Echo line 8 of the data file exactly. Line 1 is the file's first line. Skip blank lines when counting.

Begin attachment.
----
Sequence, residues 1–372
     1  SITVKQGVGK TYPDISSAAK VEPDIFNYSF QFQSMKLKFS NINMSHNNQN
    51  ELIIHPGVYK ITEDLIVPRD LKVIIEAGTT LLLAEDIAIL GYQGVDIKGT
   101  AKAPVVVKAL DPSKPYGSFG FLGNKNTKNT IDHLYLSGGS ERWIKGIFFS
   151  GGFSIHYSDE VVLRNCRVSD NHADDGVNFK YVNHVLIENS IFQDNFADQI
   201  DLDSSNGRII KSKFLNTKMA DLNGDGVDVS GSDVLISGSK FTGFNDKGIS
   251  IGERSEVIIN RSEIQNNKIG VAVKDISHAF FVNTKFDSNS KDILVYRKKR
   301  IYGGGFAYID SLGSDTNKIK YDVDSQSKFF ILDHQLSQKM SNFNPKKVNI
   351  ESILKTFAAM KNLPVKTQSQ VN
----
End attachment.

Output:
   301  IYGGGFAYID SLGSDTNKIK YDVDSQSKFF ILDHQLSQKM SNFNPKKVNI